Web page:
Collects issues 1-28 and annuals 1-3 of the Marvel comics which ran originally 1977-1979.

Writers: Marv Wolfman, Chris Claremont, and others
Artists: Gil Kane, Carmine Infantino, and Dave Cockrum and various others
Publisher: Dark Horse

I’ve read about half of these comics before. The John Carter comics were also printed here in Finland and I managed to collect about half of them from various second-hand shops. For some reason, I never managed to get my hands on the comics which has the endings of the storylines, so it was great to finally read them all together.

It’s actually almost astonishing to me how long most the storylines ran: for example, the first one the Air-Pirates of Barsoom was 10 issues long and the final story, the Master Assassins was 12 issues. Today it seems that a writer can barely make a three issue arc.

Almost all of these stories happen during the 10 years John spent on Mars, during the first book, A Princess of Mars, and they use the familiar cast from that book: John, Dejah, Tar Tarkas, Sola, Kantos Kan. The villains are, of course, new.

The first storyline is the Air-pirates of Mars and it starts with Dejah kidnapped and John going to her rescue. Dejah is kidnapped several times during the story and John is even blackmailed to help her kidnappers, the air pirates, or she will be killed. The story focuses on John but there are some scenes in Helium, too, where the pirates are trying to turn the public opinion against John. Even though Dejah is kidnapped, she isn’t a total damsel in distress; in fact in she ends up rescuing herself. Also, Tars Tarkas is torn between his desire to live in Helium (and take part in all of the adventures :)) and being the leader that his people need.

The next is a one-shot called ”The origin of Dejah Thoris”. However, this is a shortened version of A Princess of Mars focusing on Dejah and John’s romance. I was expecting Dejah’s childhood, based on the headline.

Then we get a three issue story where John and Tars battle the undead! This was great fun.

After a couple of one-shots the majority of the rest of the collection is taken up with the massive The Master-Assassins of Mars story. This is perhaps the most unlike Burroughs’ books because it brings to us an additional human race: the orovars. They are light-skinned, like John, but the men have wings and they keep the red Barsoomians as slaves. They live a great canyon and their religion teaches that there’s nothing beyond it, so they don’t venture out and meet the other races. However, in spirit, this story is very fine pulp adventure and I enjoyed it throughly.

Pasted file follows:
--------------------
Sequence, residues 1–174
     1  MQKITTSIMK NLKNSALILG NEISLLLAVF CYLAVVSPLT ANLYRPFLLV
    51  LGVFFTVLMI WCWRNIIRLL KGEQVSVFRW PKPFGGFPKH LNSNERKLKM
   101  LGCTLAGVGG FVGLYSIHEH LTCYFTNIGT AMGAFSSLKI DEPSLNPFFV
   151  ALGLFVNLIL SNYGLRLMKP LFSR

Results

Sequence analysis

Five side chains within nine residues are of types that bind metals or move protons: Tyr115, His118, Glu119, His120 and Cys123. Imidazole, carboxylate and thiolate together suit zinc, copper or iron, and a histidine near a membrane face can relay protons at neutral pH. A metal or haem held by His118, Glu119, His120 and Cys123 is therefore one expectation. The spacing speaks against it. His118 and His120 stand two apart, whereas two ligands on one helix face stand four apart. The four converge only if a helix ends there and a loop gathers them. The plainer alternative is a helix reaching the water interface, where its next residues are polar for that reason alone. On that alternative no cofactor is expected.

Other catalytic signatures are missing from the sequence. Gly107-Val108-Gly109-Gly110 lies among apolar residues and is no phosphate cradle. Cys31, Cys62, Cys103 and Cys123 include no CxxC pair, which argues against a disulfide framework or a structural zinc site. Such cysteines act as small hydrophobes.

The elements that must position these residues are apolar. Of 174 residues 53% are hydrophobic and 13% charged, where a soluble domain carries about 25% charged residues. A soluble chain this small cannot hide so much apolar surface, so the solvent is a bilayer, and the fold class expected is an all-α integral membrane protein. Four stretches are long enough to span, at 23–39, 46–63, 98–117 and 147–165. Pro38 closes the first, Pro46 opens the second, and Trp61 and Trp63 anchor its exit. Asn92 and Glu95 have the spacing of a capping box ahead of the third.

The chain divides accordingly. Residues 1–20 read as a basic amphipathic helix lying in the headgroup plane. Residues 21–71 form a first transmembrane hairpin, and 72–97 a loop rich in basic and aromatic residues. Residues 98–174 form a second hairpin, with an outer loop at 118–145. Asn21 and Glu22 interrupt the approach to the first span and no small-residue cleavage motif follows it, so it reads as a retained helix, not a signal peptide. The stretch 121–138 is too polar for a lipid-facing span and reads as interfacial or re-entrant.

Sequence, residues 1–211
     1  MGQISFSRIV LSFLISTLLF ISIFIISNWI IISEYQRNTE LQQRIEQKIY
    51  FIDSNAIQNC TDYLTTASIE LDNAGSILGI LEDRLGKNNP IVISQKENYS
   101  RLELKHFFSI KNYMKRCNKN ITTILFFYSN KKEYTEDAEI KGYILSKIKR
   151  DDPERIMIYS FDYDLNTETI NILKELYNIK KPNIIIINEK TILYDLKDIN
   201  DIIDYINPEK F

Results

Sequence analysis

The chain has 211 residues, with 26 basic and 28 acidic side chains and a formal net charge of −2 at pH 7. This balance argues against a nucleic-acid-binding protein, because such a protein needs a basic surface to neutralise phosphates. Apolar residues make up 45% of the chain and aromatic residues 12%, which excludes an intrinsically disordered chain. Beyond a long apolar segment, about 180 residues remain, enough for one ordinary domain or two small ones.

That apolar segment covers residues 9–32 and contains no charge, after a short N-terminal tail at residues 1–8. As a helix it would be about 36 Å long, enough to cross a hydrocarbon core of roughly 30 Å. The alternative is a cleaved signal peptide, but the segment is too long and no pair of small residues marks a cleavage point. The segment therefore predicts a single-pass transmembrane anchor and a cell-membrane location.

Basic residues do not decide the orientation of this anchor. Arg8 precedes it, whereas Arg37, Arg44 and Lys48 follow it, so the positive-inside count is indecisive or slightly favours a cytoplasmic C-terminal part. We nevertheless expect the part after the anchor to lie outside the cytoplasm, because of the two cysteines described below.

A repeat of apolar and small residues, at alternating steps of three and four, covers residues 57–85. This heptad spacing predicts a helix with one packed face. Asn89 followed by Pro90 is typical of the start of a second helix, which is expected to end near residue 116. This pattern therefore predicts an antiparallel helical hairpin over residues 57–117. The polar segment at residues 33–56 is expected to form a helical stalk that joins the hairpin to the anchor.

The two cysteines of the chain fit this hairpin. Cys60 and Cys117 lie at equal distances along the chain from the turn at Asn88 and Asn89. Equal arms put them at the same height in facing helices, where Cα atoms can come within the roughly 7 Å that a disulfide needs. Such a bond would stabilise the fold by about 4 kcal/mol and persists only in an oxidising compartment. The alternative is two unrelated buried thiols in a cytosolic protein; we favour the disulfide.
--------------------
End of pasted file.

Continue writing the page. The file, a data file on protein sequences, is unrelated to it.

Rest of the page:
It’s interesting to note that during the Master-assassins storyline, Dejah is portrayed as not just a skilled warrior but equal to the assassins and she’s even capable of killing four trained opponents at the same time. Of course, the writer is Chris Claremont who brought us many capable X-women, so I’m not surprised.

The last three stories are from annuals and so somewhat longer. One of them seems to be an adaption of Burroughs’ short story and in one of the John meets the Kaldanes and Rykors (the all head race and the headless race) from the Chessmen of Mars.

Overall, I think that these stories keep to the pulp adventure spirit of the books and I think people who enjoyed the books will also enjoy this collection. However, there’s an awful lot of word boxes in all of the stories, sometimes even explaining in words what is happening in the pictures, like the writers’ didn’t believe the reader would understand the plot or setting just from the art. The writing mimics Burroughs’ pulp style.

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